COLUMBUS, Ohio – As Republican infighting debilitates Washington, lawmakers at some U.S. statehouses have managed to launch sessions complicated by similar GOP partisan divides or razor-thin margins of party control with a host of creative — if yet untested — solutions.
The approaches differ by state: a delicate working agreement here, a bipartisan truce there. “The commonality is the standing on the edge of the precipice,” said David Niven, an associate professor of political science at the University of Cincinnati.
America's fiercely divided politics are not limited to national government, where Republicans won a threadbare majority in the U.S. House in November and elected Rep. Kevin McCarthy as speaker early Saturday on the 15th ballot.
In the states, a combination of factors — including an influx of Republicans from the far right -- have contributed to an air of uncertainty in some places as state legislatures begin business. The nation's shifting political sands left parties in some state legislative chambers with such small majorities that each unexpected departure or death might threaten a scramble for control.
In New Hampshire, for example, the 400-member House convened this week with Republicans holding a razor thin 201-197 majority, with two seats vacant. Slightly more Democrats than Republicans were absent last month when members chose their leader, though, which gave the GOP a bit of breathing room when it came to re-electing state Rep. Sherm Packard, of Londonderry, as House speaker.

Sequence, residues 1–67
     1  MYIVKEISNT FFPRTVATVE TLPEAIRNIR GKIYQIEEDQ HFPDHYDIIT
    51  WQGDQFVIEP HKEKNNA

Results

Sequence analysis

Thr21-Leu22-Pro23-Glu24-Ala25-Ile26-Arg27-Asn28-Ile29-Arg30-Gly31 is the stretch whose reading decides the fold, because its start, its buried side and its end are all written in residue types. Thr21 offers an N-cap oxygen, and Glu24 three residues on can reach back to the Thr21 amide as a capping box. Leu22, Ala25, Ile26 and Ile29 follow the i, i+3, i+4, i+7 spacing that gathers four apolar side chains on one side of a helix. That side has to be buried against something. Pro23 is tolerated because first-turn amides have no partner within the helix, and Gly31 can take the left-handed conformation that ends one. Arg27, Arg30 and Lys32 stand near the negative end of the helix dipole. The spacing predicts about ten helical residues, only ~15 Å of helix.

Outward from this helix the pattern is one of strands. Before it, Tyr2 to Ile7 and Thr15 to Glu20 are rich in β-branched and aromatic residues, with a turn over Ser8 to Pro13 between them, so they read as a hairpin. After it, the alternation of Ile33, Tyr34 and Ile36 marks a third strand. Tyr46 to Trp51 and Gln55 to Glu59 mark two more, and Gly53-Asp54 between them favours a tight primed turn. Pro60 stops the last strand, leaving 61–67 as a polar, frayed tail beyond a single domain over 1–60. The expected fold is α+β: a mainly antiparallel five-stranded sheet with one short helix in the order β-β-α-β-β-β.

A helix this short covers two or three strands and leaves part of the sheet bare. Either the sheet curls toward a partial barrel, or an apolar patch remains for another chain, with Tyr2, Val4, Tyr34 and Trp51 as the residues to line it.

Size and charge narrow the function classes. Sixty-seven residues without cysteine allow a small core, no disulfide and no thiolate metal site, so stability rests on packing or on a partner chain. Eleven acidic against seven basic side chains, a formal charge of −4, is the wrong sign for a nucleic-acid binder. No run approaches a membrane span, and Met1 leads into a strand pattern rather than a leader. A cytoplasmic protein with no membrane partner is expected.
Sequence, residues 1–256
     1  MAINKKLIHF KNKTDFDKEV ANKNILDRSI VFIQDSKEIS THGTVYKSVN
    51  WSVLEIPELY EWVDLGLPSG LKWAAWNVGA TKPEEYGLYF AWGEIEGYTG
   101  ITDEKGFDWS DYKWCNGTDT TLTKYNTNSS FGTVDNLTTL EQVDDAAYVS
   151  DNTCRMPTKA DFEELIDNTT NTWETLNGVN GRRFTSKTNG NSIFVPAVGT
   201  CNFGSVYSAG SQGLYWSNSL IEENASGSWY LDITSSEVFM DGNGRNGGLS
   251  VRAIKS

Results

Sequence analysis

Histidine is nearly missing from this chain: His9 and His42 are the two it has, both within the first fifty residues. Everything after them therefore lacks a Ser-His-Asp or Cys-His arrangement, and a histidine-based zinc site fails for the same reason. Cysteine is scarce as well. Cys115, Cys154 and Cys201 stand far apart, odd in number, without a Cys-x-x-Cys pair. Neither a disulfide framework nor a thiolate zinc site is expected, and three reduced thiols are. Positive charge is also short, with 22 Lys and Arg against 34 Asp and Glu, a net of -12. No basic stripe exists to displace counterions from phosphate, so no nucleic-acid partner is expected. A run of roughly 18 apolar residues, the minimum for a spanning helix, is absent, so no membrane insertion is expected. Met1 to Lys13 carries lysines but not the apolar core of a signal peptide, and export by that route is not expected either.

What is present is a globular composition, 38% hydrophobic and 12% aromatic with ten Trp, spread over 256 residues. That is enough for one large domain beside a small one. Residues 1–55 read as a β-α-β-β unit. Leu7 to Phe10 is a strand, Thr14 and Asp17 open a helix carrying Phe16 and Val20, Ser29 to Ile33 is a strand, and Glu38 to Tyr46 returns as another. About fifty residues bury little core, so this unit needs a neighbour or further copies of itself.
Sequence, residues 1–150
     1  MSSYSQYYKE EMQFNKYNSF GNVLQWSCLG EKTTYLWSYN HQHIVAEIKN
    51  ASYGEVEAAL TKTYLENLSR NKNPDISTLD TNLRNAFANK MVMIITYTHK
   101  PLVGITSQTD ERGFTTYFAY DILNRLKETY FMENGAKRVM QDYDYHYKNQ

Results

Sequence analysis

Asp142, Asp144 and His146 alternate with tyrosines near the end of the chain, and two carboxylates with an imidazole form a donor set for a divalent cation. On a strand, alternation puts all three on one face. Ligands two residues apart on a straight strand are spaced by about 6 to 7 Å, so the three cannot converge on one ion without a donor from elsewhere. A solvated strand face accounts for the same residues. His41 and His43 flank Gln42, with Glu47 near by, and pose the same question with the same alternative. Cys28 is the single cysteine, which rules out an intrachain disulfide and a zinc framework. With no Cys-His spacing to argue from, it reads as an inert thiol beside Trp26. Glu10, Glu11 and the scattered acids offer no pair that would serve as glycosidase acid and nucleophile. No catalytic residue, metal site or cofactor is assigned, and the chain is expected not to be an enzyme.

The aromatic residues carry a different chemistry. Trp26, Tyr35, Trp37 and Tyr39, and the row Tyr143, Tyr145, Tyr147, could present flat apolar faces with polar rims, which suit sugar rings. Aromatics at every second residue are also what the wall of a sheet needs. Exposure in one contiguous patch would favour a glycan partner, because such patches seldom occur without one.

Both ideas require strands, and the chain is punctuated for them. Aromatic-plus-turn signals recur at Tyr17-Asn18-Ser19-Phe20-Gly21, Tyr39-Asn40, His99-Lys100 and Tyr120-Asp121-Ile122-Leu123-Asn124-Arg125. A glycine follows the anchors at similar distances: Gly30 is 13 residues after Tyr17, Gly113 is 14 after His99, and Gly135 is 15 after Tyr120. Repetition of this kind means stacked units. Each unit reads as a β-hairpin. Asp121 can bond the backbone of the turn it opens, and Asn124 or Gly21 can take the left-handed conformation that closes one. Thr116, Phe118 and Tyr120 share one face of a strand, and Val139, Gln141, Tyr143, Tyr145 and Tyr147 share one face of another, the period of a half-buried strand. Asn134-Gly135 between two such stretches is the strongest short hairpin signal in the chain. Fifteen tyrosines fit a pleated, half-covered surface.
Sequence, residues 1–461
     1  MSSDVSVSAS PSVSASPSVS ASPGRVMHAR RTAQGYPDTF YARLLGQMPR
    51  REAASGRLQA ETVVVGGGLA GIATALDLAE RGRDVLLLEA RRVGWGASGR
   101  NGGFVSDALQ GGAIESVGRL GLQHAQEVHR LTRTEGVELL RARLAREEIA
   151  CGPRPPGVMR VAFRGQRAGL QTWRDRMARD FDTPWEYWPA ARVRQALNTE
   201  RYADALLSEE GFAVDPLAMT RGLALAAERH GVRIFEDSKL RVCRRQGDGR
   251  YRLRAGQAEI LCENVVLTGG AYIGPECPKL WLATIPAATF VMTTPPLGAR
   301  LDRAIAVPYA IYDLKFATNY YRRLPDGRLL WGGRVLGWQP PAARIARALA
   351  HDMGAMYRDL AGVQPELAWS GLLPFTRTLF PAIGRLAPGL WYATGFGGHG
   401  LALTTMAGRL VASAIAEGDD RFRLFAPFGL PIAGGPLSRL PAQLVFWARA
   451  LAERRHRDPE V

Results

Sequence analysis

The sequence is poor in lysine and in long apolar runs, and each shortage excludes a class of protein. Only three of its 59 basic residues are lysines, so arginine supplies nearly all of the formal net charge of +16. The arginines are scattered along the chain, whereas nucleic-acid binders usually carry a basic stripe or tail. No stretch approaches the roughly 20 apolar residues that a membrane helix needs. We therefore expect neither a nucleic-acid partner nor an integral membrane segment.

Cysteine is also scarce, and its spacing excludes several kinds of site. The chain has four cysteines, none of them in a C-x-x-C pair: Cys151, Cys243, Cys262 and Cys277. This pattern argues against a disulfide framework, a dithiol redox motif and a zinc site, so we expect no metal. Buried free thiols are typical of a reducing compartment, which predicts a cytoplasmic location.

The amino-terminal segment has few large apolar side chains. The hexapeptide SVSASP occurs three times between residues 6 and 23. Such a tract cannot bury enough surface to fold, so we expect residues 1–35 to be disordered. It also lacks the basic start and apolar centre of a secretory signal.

“The voters have sent us here with a never before seen balance of partisan makeup,” Packard said. “The only way we can forge ahead and be successful in this environment is by working together.”
In his inaugural address Thursday, Republican Gov. Chris Sununu called the nearly even division a “awesome opportunity” for cooperation.
“And we have a speaker,” he said, referring to the chaos in Washington. “What a great civics lesson and challenge that we find ourselves in.”
The margin of control is even narrower in the Pennsylvania House, where the November election gave Democrats hopes of reclaiming the majority in the often bitterly partisan chamber after more than a decade.
Their 102-101 margin included one Democratic incumbent who died a few weeks before being reelected, however, and two others who resigned after winning election to higher offices.